A journalist observed that obviously stories that involve the largest ethnicminority in a country should be covered. The unemployment rate among Roma inthe Czech Republic is over 30 percent, and in some places it is as high as90 percent, when the national figure is only 8 or 9 percent. But in doingso, we unavoidably perpetuate stereotypes.

A Hungarian journalist noted that in 1990 his organization had succeeded ingetting the police to stop using the heading "Gypsy crime" in its reports,and the Department for the Prevention of Roma Crime was renamed the"pickpocketing division." Nevertheless, in the police reports, suspects maystill be described as "olive skinned," or "resembling a Rom," orspecifically as being a Rom. We hear constantly about "Gypsy crime," asthough it were a special type of crime committed only by Roma. But what isit? Who named it? Participants agreed that the media must build a new, moreimpartial foundation.

The chairman of the session pointed out that the point was not to concealinformation because it was unpleasant, or to "sanitize" it, but that it wasrather a question of the journalistic message intended. When we identify aperson as a Rom, we are telling our readers that we, too, think that that isimportant.

Romani Identity

"True freedom for a groupwill only be achieved when they arein control of their own image."- Orhan Galjus

Some participants contended that Roma were Europeans, not Indians, but theywere challenged on this point. Since the Roma came from an ancient Easternculture, can they claim a European identity? Racist slogans painted on wallsdemand, "Gypsies, go back to India!"

A representative of the Roma National Congress likened the Romani people toa dying body, kept alive only by transfusions from outside. Expressingagreement with this, another Rom stated that Roma cannot construct anidentity if they are always supported by the government and others. Theiridentity must be in the Roma's own hands.

The participants were reminded that the Roma are not a homogeneous group buton the contrary have many cultural divisions, are scattered over manycountries, and represent diverse political, economic, educational, andreligious backgrounds. Statements about them should not be undulygeneralized.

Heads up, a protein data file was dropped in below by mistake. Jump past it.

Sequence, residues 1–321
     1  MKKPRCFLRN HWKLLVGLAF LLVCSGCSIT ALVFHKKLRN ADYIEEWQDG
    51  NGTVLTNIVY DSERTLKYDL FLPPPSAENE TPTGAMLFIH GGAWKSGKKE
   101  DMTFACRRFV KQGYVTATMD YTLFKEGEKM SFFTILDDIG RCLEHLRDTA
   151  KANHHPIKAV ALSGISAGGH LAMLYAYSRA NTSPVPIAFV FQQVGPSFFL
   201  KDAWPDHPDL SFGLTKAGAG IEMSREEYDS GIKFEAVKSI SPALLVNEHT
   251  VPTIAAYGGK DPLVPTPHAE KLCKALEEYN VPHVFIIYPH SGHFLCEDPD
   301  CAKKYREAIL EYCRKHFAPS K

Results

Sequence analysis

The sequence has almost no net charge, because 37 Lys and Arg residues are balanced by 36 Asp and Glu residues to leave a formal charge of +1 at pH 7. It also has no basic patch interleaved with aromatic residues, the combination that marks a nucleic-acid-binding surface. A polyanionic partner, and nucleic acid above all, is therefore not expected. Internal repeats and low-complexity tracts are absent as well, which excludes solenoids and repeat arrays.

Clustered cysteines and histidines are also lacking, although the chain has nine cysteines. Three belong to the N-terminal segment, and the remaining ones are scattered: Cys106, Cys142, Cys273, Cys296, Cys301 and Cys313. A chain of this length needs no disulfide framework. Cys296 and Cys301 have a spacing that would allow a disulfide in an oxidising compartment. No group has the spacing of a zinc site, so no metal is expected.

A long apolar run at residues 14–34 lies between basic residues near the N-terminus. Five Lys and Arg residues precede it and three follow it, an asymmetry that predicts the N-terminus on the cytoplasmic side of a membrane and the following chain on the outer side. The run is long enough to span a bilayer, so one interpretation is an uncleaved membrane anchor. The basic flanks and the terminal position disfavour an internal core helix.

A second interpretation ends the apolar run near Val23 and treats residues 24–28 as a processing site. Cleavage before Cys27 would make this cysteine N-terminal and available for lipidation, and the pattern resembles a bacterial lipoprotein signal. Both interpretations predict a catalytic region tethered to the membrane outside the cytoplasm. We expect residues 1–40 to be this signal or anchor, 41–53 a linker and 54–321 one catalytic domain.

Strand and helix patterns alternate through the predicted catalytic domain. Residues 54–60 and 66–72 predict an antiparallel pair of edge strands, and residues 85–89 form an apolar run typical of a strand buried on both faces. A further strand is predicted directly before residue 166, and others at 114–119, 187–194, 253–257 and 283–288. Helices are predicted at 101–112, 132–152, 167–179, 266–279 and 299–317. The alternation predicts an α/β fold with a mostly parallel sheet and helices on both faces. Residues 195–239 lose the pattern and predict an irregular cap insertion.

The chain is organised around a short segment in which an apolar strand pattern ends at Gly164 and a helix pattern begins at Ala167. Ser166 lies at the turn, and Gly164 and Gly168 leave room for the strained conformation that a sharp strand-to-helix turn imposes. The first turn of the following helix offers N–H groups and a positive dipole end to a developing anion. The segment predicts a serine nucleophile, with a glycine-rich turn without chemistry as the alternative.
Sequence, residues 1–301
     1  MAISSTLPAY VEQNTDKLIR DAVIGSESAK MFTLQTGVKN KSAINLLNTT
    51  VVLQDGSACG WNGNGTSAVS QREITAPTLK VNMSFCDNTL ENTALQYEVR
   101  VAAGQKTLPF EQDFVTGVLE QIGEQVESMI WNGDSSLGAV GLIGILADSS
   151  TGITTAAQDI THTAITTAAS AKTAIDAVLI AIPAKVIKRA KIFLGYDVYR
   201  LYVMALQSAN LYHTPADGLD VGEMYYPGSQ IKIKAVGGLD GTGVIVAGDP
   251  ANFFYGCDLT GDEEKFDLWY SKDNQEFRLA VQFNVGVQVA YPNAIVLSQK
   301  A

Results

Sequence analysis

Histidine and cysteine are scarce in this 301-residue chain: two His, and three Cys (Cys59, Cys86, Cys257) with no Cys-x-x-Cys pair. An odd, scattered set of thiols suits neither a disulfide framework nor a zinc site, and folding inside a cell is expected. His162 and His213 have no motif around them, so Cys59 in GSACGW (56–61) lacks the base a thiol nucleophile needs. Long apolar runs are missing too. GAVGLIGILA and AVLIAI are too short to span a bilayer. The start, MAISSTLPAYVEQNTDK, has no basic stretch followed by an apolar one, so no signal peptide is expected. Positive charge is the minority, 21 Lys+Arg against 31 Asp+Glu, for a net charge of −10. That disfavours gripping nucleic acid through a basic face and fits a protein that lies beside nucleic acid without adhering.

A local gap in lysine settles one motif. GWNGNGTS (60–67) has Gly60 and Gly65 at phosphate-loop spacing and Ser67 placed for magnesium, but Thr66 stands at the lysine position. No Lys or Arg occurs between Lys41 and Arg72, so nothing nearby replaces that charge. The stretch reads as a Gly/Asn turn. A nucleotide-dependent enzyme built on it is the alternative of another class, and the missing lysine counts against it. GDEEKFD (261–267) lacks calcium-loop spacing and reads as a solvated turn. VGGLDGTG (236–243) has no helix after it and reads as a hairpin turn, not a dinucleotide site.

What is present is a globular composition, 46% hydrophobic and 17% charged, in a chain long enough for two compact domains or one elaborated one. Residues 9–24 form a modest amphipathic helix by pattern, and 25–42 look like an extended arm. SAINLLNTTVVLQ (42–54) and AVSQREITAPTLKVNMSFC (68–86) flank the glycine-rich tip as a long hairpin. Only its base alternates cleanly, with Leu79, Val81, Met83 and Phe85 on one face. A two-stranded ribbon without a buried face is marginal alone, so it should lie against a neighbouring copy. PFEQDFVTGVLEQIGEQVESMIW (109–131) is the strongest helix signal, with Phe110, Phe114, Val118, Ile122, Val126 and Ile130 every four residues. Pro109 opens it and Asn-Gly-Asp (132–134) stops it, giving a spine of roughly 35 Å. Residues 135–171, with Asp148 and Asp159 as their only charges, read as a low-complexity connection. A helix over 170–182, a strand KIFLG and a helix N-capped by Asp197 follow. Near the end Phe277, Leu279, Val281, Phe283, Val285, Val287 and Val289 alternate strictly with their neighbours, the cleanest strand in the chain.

A Romani journalist from Slovakia said we must acknowledge that there aresome Roma who are not at home anywhere, or are settled only temporarily.Those who are refugees in Germany do not consider Germany to be theirhomeland. Some Roma claim to be "citizens of the world," which could be abeautiful thing--but the reality is different. Roma have lived in Slovakiafor 670 years, and Slovakia is their home. They represent the country inculture and in sports, and they want equal coverage in the media.

A non-Romani journalist said that Roma should not identify themselves asbeing too different, too remote from the majority society. If they sawthemselves as part of the whole, the non-Romani population would begin totake more interest.

A journalist asked, How many people wanted to be recognized as Roma? In thisrespect, the Romani press provides an opportunity to declare one'sethnicity. Arguing that this question must be seen in the larger context ofthe future of the Romani people, a participant questioned what identity oneshould support. Group identity and its relationship to the majority societytouches a sensitive nerve. The participant said he thought there was someconfusion between news and national pride.

Romani History and Culture

"The socialization of Romais different; it doesn't happenthrough books."- Aladar Horvath

A Hungarian Rom observed that certain forces determine the situation of theRoma, and these need to be discussed before we can get to the issue of theRomani media. He quoted the Romani poet Attila Balogh, who has written,"Jews are the people of the Book, but Roma are people without books."Because of historical factors, Roma are today oppressed legally, socially,and economically. With the shift to a market economy, economic and socialforces are further dividing the population.

A Czech Rom pointed out that some Roma live in a world of begging, and thispresents a certain picture, but before jumping to conclusions, one must goback into history. Study the early Romani experiences in Europe and find outwhy some Roma became beggars. Was it a choice? Sound conclusions cannot bedrawn without learning history first.

In connection with begging, the president of PER suggested that the highvisibility of Roma begging--for instance, outside train stations--affectspublic stereotypes, which are then applied to individuals far beyond thedegree warranted. Some of the crime committed by Roma, petty as it is, hashigh visibility and is considered to be a great public nuisance.

A participant said that the public never gets information about Romanihistory, even at the university. Nobody learns that the Roma were persecutedby the Nazis as viciously as were the Jews; no monument tells that story.Where can one go for information?

The issue of the name used for the Roma in Romania was discussed. TheRomanian government did not consult the Roma when it officially adopted theword tsigan. This word is heavily pejorative and reflects a heritage ofslavery. Romani CRISS, a Romani nongovernmental organization in Romania, hasmeasured the frequency of use of this word and has found that it is muchmore widely used now than it was only a year and a half ago. There is also acorrespondingly higher incidence of references to criminals as tsigani.

Control of the Media

"The Romani media andthe non-Romani media are twononintersecting circles."- Andrzej Mirga